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Voting Rights In North Carolina Could Hinge On Its Supreme Court Election

It’s no secret that the U.S. Supreme court has a lot of power to influence the lives of Americans. But what about state supreme courts? Each state has its own supreme court, and justices are often elected. This November, two seats on the North Carolina Supreme Court are up for election. The outcome could affect voting rights and abortion access for years to come.


We’re all familiar with the Supreme Court and how powerful it is. But each state had its own supreme court, which is also extremely influential in determining how far laws can go — including laws that govern some of the biggest issues in the country, like abortion, education and guns. While Congress and the president determine who sits on the U.S. Supreme Court, in most states, justices are elected. Here’s a look at the race in North Carolina — an election that could have big implications for voter protection in the state.

For years, the North Carolina Supreme Court has battled with the state legislature over elections. The court has repeatedly rejected district maps drawn by the General Assembly when it found them to be so extremely gerrymandered that they were unconstitutional. The U.S. Supreme Court will rule on the gerrymandering case this fall, and it could impact how much power state legislatures across the country have over redistricting and elections.

There are two seats up for election on the North Carolina Supreme Court this fall. They’re both currently held by Democrats, one of whom is running for re-election. Right now, Democrats hold a slim 4-3 majority on the court, so Republicans need to flip just one seat to hold a majority until at least 2024, when the next justice’s term ends.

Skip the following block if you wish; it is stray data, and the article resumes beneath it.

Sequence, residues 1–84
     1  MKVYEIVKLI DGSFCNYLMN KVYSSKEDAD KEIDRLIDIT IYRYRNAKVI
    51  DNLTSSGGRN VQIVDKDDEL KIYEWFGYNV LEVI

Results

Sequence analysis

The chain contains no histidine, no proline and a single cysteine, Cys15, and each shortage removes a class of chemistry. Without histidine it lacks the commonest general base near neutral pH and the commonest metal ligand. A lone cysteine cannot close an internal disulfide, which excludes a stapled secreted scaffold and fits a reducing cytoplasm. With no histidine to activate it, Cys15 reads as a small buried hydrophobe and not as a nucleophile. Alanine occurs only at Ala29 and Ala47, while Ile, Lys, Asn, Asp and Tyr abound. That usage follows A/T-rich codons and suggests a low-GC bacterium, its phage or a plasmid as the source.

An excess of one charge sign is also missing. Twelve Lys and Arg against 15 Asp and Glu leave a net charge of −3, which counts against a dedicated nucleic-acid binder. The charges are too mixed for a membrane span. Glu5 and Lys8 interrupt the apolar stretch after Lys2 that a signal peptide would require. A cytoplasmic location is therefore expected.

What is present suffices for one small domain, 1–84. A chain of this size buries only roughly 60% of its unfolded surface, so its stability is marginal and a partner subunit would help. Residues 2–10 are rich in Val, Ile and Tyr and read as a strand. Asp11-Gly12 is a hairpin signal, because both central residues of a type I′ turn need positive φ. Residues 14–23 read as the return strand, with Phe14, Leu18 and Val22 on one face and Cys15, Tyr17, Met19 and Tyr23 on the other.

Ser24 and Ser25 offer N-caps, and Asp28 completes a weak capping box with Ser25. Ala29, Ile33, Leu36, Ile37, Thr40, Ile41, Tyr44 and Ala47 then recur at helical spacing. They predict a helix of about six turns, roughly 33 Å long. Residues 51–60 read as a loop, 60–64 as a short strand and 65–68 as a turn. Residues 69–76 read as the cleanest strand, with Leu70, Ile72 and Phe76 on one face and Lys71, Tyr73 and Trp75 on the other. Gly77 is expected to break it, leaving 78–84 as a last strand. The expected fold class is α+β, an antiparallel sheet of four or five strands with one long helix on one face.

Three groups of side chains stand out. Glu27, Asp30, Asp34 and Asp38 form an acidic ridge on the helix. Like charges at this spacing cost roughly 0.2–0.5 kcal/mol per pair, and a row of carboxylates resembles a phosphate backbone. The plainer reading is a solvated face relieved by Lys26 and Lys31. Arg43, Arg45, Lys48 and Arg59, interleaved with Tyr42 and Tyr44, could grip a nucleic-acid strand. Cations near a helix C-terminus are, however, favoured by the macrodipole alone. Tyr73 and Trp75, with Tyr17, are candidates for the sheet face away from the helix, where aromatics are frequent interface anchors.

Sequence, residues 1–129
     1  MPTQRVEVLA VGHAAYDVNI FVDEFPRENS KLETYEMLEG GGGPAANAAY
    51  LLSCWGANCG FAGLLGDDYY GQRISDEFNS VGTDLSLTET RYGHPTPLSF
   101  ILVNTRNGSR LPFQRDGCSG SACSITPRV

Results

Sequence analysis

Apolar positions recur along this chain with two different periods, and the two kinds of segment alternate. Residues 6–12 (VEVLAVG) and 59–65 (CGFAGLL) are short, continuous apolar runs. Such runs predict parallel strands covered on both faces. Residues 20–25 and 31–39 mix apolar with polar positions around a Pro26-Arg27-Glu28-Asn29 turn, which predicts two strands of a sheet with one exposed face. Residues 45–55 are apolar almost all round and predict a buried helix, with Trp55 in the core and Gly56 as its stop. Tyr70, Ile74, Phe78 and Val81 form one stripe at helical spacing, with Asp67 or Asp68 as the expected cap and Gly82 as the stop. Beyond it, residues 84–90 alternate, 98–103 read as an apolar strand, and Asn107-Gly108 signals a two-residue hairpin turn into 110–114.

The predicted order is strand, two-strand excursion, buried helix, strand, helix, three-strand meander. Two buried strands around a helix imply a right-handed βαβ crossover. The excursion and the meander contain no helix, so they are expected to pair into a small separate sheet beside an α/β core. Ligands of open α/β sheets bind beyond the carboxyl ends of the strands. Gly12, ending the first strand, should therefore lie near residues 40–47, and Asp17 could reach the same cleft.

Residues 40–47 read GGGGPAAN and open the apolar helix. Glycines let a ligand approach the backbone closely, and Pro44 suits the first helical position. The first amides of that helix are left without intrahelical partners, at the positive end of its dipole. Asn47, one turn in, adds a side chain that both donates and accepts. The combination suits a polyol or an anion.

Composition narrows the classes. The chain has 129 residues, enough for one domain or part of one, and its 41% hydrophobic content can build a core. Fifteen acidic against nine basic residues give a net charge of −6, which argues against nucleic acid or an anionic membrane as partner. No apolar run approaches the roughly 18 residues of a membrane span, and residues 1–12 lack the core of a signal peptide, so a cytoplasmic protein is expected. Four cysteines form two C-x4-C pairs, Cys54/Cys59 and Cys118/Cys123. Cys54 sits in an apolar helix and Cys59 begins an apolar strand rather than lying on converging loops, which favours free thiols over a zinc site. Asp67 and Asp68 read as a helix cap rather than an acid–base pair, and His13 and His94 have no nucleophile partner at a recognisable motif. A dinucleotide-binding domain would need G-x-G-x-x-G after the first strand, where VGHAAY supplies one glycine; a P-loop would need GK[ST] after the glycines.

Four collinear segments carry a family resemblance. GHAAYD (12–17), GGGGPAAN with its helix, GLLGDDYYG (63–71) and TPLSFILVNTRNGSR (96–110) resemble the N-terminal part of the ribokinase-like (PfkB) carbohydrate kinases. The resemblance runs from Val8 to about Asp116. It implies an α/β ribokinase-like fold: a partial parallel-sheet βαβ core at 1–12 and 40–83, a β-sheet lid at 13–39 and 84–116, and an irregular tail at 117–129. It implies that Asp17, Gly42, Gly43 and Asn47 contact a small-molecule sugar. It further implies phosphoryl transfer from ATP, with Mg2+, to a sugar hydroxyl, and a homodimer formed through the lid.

While politics always plays somewhat of a role when it comes to placing justices on the Supreme Court, North Carolina actually had nonpartisan judicial elections for about 20 years. But in 2016, the Republican-led assembly changed the rules. Now, each party has a candidate on the general election ballot, along with information about a candidate’s party affiliation. The Republican assembly also changed the rules around funding judicial elections — they used to be publicly funded, but now candidates need to privately fundraise, opening up all kinds of thorny ethical issues and making the races increasingly expensive. As of the most recent filings, Democrats are greatly outraising their Republican opponents. Of course, money isn’t everything, even in politics. In fact, in the 2020 election for Supreme Court chief justice, Republican Paul Newby managed to beat Democratic incumbent Cheri Beasley by about 400 votes, despite Beasley raising about double what Newby did.

Whoever wins will likely have huge sway in North Carolina politics, as the court is almost certain to hear more election-related cases and possibly cases on abortion. With the stakes as high as they are, these won’t be races either party is leaving to chance.

Kaleigh Rogers is FiveThirtyEight’s technology and politics reporter.

Sophia Lebowitz is a former video producer at FiveThirtyEight.


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